Seattle Children’s providers are leaders in brain tumor care and research, offering some of the most advanced treatments, neurosurgeries and clinical trials of any children’s hospital.
Its Brain Tumor Program is the largest in the Northwest and one of the largest in the world.
In this edition of On the Pulse, one Seattle Children’s patient shares their personal experience traveling across the world for medical care, navigating language and education barriers, and finding strength in transition.
A 6,000 Mile Journey to Seattle Children’s
My family and I embarked from Iran to Seattle in search of complex medical treatment. Before I was born, my family had lived in Seattle but with the birth of my brother and I, they thought returning to Tehran was critical to raising us with cultural appreciation.
In January of 2001 however, that all changed when I was diagnosed with an optic glioma brain tumor. My parents had to make difficult decisions quickly to ensure I didn’t lose my vision which was something mentioned by my medical team in Iran.
Leaving behind the familiar sights of the local markets and bazaars, sounds of horns blaring in the streets, and the smells of cardamom and saffron within our homeland were bittersweet moments for our family.
With heavy hearts, we bid farewell to our loved ones, as the pursuit of hope and better medical care beckoned us to Seattle in late January of 2001. The decision to uproot our lives was not an easy one, but we knew it was necessary for the well-being of me and my family.
The Right Care Inside and Outside of the Hospital
Upon arriving in Seattle, we felt a glimmer of hope. We discovered a medical team at Seattle Children’s who not only understood my condition but also possessed the expertise needed to provide comprehensive care.
After my treatment, my family realized that my well-being depended on more than just medical interventions; it required a synchronized effort between my healthcare and educational environments.
My parents understood that open and effective communication with teachers was crucial and formed specialized plans with my school to ensure there was a strong parent-teacher relationship.
My parents would reach out to my teachers to explain the intricacies of my condition, the need for physical therapy during class, frequent exits from the classroom, and limited interaction with peers due to special educational programs.
I also faced the additional hurdle of learning a new language while managing my medical care and specialized education.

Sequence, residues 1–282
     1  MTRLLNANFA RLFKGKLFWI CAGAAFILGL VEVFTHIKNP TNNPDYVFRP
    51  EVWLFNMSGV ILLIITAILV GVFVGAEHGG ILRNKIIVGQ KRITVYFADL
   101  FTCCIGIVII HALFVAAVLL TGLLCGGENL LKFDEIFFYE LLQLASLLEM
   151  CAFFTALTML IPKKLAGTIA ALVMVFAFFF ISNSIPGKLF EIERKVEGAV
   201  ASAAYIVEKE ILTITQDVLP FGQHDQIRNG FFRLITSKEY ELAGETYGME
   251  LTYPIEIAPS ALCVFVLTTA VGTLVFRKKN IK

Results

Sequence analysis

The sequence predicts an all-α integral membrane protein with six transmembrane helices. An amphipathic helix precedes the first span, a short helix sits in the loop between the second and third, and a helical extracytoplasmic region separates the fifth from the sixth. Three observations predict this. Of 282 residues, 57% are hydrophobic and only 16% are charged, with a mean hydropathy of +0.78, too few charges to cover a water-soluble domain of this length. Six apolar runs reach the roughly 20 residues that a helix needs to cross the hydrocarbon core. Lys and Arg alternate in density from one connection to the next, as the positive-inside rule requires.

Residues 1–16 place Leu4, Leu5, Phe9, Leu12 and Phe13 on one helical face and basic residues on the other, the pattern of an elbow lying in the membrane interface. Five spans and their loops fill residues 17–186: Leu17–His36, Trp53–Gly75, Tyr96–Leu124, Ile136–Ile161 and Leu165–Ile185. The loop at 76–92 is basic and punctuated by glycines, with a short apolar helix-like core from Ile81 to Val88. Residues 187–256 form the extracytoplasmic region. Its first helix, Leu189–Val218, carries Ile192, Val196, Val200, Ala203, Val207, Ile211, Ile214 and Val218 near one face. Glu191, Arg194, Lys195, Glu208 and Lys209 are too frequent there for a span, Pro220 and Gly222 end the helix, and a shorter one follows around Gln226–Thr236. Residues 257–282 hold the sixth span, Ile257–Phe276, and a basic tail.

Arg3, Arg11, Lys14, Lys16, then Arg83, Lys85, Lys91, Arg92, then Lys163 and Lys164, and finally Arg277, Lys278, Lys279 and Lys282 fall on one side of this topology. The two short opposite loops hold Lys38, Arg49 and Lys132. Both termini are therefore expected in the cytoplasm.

Together with the teachers, we collectively organized activities that encourage teamwork and gradual social integration, building confidence in me.
Care beyond treatment at Seattle Children’s
My story at Seattle Children’s didn’t end with my treatment, it was only the beginning for me.
We became frequent visitors to Seattle Children’s for endocrinology appointments and repeat MRIs, a necessary routine to ensure my tumor remained stable.
During those visits, I grew quite familiar with the hospital’s staff, forming unique bonds with some of the incredible individuals who played crucial roles in my life.
One particular nurse in the MRI suite on Ocean 6 stood out to me. Every time I entered, she affectionately called me “chatterbox,” perhaps due to my excitement and curiosity during those moments.
Until I was about 18, Seattle Children’s became my home throughout the years.
Surviving, Thriving and Paving a Path Forward
Seattle Children’s Hospital had given me so much – not just in terms of medical care but also in love, support, and hope.
And so, with a heart full of gratitude, I decided that I wanted to return to the hospital, not as a patient, but as a part of the incredible team of healthcare professionals so I could give back to the patients and their families in the same way that the doctors, nurses, and staff had given to me throughout those challenging years.
Just like my family’s journey from Iran to Seattle was one filled with challenges, it was also full of hope and resilience.
My parents learned the importance of effective communication, collaboration and advocacy for my unique needs. My experience as a patient inspired me to become a beacon of hope and a source of comfort for others facing similar journeys.
Editor’s Note: The patient’s name is not being disclosed at their request.
- Brain Tumor Program – Seattle Children’s (seattlechildrens.org)
- What are Brain Tumors? – Seattle Children’s
- How to Discuss Your Child’s Health Condition at School – On the Pulse